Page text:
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Raptors hire Nuggets executive Masai Ujiri as GM

Masai Ujiri, right, has been named 2013 Executive of the Year. (Garrett Ellwood/Getty Images) Masai Ujiri (right) is the new GM of the Raptors. (Garrett Ellwood/Getty Images)

The Raptors announced Friday the hiring of Nuggets executive Masai Ujiri as their next GM.

“We feel very lucky to have Masai in our organization," Maple Leaf Sports and Entertainment (MLSE) president and CEO Tim Leiweke said in a statement. "He is a proven judge of talent and we look for him to be a big part of creating a winning atmosphere, leading us to the playoffs and, ultimately, delivering NBA championships for Toronto. I would also like to publicly thank the Kroenkes in Denver for being such a class organization that they would allow Masai to pursue his dream. They put him first in all of our discussions.”

Yahoo! Sports reported earlier Friday that Ujiri, who was named 2013 Executive of the Year, has accepted a five-year contract worth $15 million.

Ujiri, the first African-born GM in NBA history, previously worked in multiple front office positions with the Raptors before getting hired by the Nuggets in 2010. In Denver, he totally transformed the Nuggets roster, establishing a reputation as a shrewd, creative and active executive.

"I would like to thank Stan and Josh Kroenke for the opportunity they have given me over the past three years," Ujiri said in a statement released by the Nuggets on Friday. "It was a very difficult decision to leave Denver, but the Nuggets remain in good hands. I’d also like to thank the coaching staff for their work and the fans for their support and dedication. I’ll always have a special place in my heart for the city of Denver and the Nuggets as an organization."

Nuggets president Josh Kroenke, son of owner Stan Kroenke, announced Friday that the organization would open a search for Ujiri's replacement immediately.

"I appreciate everything Masai has done since re-joining the Nuggets in 2010," Kroenke said. "Over the past two and a half years, he and I have spent countless hours working together to tackle some of the toughest challenges in franchise history. I have tremendous admiration for him as a colleague and will always consider him to be a great friend."

Back in April, Maple Leaf Sports and Entertainment -- the company that oversees the Raptors, the National Hockey League’s Maple Leafs and Major League Soccer’s Toronto FC -- hired Leiweke, a former AEG executive. as president and CEO. Leiweke announced earlier this month that Raptors president Bryan Colangelo, who had overseen basketball operations, would be kept on in an advisory role while the organization pursued a new GM.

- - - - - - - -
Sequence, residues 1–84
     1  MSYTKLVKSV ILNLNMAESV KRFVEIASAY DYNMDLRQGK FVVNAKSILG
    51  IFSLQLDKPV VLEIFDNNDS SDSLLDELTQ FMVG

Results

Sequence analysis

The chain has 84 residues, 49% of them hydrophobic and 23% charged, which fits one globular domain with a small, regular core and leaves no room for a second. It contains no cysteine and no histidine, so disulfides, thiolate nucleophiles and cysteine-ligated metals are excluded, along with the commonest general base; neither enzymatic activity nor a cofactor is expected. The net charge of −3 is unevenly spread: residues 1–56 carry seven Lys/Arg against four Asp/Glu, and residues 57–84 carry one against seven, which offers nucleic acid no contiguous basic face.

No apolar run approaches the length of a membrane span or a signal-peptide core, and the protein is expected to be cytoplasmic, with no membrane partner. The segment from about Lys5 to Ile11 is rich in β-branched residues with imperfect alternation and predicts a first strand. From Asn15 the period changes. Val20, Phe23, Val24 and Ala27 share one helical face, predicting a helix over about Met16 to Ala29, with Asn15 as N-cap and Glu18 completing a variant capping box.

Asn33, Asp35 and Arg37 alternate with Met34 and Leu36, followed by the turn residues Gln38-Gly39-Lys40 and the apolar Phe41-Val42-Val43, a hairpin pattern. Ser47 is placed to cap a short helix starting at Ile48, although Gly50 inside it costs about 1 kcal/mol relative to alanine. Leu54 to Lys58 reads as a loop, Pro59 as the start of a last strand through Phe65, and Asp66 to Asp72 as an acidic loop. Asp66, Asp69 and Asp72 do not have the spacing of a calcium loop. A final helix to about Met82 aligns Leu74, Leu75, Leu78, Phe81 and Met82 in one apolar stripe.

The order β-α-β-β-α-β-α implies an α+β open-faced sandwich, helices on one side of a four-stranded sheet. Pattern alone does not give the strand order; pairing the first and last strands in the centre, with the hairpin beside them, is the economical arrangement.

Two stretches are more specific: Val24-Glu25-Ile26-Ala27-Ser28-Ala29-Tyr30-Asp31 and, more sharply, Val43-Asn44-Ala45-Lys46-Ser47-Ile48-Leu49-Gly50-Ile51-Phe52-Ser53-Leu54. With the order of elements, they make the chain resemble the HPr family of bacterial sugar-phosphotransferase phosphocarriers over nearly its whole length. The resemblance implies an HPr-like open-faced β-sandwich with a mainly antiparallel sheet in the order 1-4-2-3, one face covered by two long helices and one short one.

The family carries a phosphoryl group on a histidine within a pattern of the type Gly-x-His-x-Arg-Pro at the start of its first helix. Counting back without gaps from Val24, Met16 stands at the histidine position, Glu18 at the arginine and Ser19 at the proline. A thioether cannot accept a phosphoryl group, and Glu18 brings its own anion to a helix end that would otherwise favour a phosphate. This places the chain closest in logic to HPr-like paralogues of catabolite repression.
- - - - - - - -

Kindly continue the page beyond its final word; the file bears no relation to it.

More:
“Bryan is skilled, knowledgeable and respected across the NBA and will be a resource that we count on to help build the Raptors into Canada’s team,” Leiweke said in a statement, which also noted that the new GM would report directly to him, not Colangelo.

Ujiri's headline move in Denver was the 2011 blockbuster trade of Carmelo Anthony, which netted Danilo Gallinari, Wilson Chandler, Kosta Koufos and Timofey Mozgov, among other assets, but he has also swung trades that landed Andre Iguodala, JaVale McGee, Andre Miller and Corey Brewer. He’s also done well in the draft, grabbing Kenneth Faried and Evan Fournier, among others, while also locking up point guard Ty Lawson to a four-year extension last fall. Ujiri also signed guard Arron Afflalo and center Nene Hilario to new contracts, only to later flip them in trades for Iguodala and McGee, respectively.

There's no doubt Ujiri, 42, will have his hands full in Toronto, where he inherits a roster that's not particularly talented and a salary cap ledger that's packed to the gills with significant deals to the likes of Rudy Gay, DeMar DeRozan, Andrea Bargnani, Landry Fields and Amir Johnson.

Denver went 57-25 this season -- good for the NBA's fourth-best record -- and finished with the No. 3 seed in the Western Conference. The Nuggets were eliminated by the Warriors in the first round of the playoffs.

Toronto finished 34-48, the tenth-best record in the East, and missed the postseason for the fifth straight season.

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